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May 08, 2019

By Jessica O'Loughlin

Hello from aboard the R/V Bell Shimada! When we collect samples in our plankton tows, we often get the chance to witness first-hand the wide variety of species we have here in the NE Pacific Ocean. This cruise, amongst some other really amazing creatures such as the dragonfish and Dungeness crab megalopae, we caught multiple individuals belonging to the superfamily heteropoda.

Dungeness crab megalopae sieved out of a zooplankton sample. Photo: NOAA Fisheries

A Dragonfish caught in one of the bongo nets. Photo: NOAA Fisheries


Looks can be deceiving and in this case, it may be hard to believe heteropods are actually a type of mollusc, placing them in the same phylum as snails, oysters, and squids. In fact, at first glance heteropods could almost appear to be a type of jelly since their visual and textural appearance is very similar to that of the jellyfish and ctenophores we see in the NCC. Heteropods are also lovingly known as sea elephants, though I don't see the resemblance, possibly due to their transparent bodies, external shell, and ventral fin. Maybe the term sea elephants was imparted on them because in a weird, gelatinous kinda way, they're pretty cute? The scientists aboard the Shimada sure thought so!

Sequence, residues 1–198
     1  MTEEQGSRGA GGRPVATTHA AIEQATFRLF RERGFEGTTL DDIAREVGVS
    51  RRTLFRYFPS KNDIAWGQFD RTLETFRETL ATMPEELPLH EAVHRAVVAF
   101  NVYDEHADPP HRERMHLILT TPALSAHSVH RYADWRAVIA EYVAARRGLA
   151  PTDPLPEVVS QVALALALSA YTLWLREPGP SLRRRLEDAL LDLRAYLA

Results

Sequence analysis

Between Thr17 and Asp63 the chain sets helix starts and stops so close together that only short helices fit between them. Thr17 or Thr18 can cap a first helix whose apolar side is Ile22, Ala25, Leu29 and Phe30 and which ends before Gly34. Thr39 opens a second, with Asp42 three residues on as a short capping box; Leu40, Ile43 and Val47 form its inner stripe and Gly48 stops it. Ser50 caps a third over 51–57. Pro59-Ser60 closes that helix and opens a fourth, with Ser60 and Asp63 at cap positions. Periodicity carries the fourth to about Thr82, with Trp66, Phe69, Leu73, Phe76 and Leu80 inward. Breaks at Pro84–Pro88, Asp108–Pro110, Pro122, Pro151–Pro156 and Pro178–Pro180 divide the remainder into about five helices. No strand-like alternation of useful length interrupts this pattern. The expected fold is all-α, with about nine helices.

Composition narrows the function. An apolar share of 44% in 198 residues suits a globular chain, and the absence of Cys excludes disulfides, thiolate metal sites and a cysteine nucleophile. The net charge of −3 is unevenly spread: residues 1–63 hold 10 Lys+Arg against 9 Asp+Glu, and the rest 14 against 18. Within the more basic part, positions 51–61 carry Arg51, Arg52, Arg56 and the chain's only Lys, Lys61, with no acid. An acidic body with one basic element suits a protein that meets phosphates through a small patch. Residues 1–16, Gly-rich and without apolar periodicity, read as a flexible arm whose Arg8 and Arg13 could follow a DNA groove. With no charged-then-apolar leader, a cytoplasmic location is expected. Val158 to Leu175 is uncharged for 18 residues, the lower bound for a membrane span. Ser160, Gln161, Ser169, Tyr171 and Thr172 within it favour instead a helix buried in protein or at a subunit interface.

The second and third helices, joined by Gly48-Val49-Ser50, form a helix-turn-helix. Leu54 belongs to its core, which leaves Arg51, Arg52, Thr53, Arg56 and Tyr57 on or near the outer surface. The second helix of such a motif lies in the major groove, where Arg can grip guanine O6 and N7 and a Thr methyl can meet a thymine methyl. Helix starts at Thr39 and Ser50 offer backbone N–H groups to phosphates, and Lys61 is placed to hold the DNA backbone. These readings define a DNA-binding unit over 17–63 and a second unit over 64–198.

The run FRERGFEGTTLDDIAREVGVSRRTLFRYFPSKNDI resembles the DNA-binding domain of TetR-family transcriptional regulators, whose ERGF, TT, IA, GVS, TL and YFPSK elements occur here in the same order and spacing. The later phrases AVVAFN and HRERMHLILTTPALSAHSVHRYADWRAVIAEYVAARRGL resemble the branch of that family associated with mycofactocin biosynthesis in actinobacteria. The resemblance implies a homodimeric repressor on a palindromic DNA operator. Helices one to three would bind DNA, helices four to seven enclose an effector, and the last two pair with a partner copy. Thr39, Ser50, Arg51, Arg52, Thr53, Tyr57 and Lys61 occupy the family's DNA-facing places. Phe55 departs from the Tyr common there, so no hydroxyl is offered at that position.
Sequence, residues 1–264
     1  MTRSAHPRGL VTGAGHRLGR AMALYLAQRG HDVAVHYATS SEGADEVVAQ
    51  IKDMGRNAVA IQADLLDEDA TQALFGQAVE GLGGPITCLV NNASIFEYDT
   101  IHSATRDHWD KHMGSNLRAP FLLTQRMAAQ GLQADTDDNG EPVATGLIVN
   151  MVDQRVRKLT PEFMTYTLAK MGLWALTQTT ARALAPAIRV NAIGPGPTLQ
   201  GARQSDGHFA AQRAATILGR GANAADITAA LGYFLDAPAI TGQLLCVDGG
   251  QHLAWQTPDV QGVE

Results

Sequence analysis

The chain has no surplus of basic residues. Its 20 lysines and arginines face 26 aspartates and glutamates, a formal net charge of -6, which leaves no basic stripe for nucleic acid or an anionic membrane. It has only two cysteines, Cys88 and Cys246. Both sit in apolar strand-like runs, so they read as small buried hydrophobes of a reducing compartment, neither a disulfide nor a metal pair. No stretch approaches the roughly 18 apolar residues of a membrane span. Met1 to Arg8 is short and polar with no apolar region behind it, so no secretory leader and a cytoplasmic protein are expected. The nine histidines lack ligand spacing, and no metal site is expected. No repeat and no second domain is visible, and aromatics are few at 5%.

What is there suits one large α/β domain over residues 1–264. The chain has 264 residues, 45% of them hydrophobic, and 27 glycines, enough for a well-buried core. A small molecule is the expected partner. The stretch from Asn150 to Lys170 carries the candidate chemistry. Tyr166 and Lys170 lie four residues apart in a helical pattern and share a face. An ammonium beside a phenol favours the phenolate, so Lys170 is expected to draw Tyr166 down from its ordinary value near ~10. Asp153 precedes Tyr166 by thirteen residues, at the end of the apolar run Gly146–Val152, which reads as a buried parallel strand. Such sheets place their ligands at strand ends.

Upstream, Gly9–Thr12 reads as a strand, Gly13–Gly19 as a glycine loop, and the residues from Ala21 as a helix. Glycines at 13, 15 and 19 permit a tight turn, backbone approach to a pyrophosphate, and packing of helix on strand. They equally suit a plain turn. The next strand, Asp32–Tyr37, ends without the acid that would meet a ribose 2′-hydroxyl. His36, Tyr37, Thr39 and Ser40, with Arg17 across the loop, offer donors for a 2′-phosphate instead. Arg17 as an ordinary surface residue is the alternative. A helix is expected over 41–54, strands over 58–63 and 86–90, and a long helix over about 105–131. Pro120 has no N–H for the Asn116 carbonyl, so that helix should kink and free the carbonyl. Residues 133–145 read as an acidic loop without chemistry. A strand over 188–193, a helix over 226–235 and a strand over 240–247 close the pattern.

Heteropod Carinaria japonica collected in a zooplankton sample. Photo: NOAA Fisheries


The excitement of catching a heteropod! Photo: NOAA Fisheries 

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Last updated by Northwest Fisheries Science Center on August 16, 2021